SCET give examples of how Chronicle can be used which include, the Prime Ministers of the last century, the race to the moon, a day in the life of a maid in Victorian Britain or even the pupil's own personal life story.
It is important for SCRAN to continually update existing tools and to develop new ones as circumstances change. This is particularly important in the UK at the moment as there are so many initiatives starting which will alter dramatically the way educational material is delivered over the Internet.
These initiatives include The National Grid for Learning, announced by the Government in late 1997 it hopes is described in the Governments consultation paper - 'Connecting the Learning Society' (http://www.dfee.gov.uk/grid/consult/index.htm)
'The Grid will be a way of finding and using on-line learning and teaching materials. It will encourage the development of a rich mosaic of interconnected networks and education services.'
With these initiatives already rolling out and more in the pipeline, it is fundamental that SCRAN continue developing facilities and services as they are required.
LocatorLocator will enable SCRAN users to simply and easily view assets from the SCRAN Resource Base using and interactive graphical interface based on the conjunction of a timeline and a geographical theme. The user can select a time period from the timeline and/or a region from a map and will be presented with graphical feedback as to how many, what type, where from and from which time period his results match. They can then further refine their search or look at specific objects.
This is under development at the moment and is expected to be in beta testing in March 1999.
ExemplarsSCRAN is funding a project with St Andrew's High School which will see the school students and teachers use the variety of SCRAN tools available to create exemplar teaching materials in several areas including:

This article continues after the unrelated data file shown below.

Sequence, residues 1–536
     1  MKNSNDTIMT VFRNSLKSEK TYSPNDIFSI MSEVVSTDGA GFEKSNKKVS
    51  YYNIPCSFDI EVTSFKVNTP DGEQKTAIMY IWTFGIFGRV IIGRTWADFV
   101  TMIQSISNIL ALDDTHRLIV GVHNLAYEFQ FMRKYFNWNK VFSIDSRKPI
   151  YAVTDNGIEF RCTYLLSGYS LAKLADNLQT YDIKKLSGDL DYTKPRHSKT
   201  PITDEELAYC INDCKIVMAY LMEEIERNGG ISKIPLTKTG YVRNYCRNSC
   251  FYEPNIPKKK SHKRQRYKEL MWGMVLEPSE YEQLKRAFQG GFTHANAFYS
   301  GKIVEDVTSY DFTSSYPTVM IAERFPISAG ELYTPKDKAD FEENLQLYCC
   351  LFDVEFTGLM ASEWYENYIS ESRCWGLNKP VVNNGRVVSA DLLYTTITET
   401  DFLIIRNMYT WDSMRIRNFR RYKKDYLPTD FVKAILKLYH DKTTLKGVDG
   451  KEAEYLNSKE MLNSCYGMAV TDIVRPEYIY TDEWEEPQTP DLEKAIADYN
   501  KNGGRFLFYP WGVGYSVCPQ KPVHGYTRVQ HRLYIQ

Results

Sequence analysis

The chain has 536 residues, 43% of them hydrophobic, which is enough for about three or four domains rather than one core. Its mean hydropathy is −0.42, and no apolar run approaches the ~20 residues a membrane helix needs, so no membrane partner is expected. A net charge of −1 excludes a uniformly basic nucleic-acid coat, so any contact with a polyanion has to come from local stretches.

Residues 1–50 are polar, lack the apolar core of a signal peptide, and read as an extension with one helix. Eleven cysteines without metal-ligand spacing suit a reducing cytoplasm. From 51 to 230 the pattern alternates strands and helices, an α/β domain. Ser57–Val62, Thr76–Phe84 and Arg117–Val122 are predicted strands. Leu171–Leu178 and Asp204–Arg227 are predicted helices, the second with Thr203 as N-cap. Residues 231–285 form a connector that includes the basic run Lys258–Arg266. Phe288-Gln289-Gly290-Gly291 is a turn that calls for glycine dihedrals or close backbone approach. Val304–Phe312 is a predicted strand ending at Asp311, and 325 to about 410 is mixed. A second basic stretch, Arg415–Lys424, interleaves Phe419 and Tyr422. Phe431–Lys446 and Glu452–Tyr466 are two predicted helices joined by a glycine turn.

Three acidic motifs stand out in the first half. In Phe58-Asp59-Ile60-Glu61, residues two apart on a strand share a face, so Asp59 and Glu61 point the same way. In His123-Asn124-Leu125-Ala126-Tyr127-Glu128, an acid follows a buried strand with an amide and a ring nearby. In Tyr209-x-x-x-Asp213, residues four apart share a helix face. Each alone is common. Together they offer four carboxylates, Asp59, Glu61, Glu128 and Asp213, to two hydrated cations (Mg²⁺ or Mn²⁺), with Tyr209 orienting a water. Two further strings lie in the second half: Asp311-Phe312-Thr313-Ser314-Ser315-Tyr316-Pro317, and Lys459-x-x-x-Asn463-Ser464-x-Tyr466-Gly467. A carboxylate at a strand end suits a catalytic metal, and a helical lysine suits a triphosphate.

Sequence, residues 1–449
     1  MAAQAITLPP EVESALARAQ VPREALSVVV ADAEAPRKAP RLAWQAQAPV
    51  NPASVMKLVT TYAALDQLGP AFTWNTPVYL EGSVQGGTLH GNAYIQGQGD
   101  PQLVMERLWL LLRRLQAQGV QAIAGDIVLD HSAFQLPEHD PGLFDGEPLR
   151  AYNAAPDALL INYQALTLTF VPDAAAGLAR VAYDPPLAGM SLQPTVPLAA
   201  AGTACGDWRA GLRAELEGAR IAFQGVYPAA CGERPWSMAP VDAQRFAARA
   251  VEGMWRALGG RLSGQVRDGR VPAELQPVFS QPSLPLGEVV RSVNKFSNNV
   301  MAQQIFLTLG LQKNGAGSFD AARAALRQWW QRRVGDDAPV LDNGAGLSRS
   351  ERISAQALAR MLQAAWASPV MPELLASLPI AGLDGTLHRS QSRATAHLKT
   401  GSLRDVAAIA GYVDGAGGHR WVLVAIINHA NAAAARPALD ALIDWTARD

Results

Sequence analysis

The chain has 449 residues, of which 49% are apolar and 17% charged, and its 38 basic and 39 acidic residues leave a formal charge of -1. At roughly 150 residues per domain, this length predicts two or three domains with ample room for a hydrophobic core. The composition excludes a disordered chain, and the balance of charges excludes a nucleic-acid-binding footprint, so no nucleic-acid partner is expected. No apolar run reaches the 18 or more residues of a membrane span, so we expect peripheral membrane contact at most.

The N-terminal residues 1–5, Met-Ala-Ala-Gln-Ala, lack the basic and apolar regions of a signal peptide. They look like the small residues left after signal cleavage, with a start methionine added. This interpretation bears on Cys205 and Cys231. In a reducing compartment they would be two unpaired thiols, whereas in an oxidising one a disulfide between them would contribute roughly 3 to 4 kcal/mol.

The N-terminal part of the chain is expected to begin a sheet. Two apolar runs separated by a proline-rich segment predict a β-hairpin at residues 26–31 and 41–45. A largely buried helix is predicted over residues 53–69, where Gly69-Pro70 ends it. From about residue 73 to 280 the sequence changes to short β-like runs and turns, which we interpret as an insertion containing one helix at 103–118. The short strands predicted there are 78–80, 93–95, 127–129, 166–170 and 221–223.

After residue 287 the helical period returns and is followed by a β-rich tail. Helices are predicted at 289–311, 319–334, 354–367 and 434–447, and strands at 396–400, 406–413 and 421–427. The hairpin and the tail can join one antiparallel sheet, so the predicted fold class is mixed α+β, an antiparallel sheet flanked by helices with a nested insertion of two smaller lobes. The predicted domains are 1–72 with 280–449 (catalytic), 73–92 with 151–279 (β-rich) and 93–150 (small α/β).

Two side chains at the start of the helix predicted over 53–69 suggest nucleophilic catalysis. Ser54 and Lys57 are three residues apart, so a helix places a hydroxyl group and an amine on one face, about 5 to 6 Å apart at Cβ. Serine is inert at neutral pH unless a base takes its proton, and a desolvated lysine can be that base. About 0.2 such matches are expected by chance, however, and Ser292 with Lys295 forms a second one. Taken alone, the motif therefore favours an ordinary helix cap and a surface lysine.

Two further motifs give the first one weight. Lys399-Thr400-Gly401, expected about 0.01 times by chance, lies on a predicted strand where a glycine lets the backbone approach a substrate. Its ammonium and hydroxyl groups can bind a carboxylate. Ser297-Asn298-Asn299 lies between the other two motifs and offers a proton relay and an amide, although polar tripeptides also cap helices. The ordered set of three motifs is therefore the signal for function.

Evaluation is discussed briefly below, however, a SCRAN project entitled 'Practical Methodology for the Integration of WWW Resources into SCRAN Cultural Resources Database - Or How to Make the WWW Really Useful' has already been carried out. It attempts to look at SCRAN in the wider context of the World Wide Web.
The introduction from the report specifies the main issues it tries to tackle:
'There are as yet no formal recommendations as to the use of the Internet, and specifically World Wide Web resources, in Scottish education. It is therefore difficult to assess the use that is being made of these resources, either quantitatively or in longitudinal terms. It is also impossible to ascertain the extent to which the World Wide Web is being used for information purposes in education, and the extent to which institutions, especially schools, are becoming web authors themselves in order to effectively harness the power of networks for dissemination of their own information sources.The report goes on to produce a practical guide for finding, using and evaluating educational resources available on the Internet. It looks at areas such as:
EvaluationEvaluation is an important part of any project and at SCRAN evaluation can take many different forms. Our series of 'Roadshows' to the Education sector was a major evaluation exercise to reassure us that SCRAN was producing a product that was required by our main audience i.e. the Education Sector in Scotland.
To enable us to keep on track we have regular reviews of both the projects we are funding in order to build the SCRAN Resource Base and of the educational direction the SCRAN project is taking.
The SCRAN Editorial Board ensure that the projects funded by SCRAN meet with levels of academic integrity we expect from our contributors and ensure that we are achieving a good range of subject material which covers the crossover between the SCRAN remit from the Millennium Commission and the educational curriculum.
The SCRAN educational Committee is a wide range of educationalists from primary, secondary, further and higher education including representation from administering and research organisations. Their remit is really to keep SCRAN appraised of changes and opportunities in the various sectors represented and also to review SCRAN materials for educational effectiveness.
ConclusionThe key conclusion that SCRAN has drawn over a year of speaking to teachers and other educationalists is the need for flexibility. Some teachers wish for the complete freedom to roam the Internet or in the case of SCRAN doing fairly broad-brush searches in the database. Other teachers like to be able to pick from the Internet or the SCRAN Resource Base a shrink wrapped curriculum topic with no fuss, no bother, no mess. The most interesting area is the middle ground where SCRAN is aiming to provide tools, where teachers know what they want to teach, can find relevant material easily and are given some support in presenting it in an appropriate form.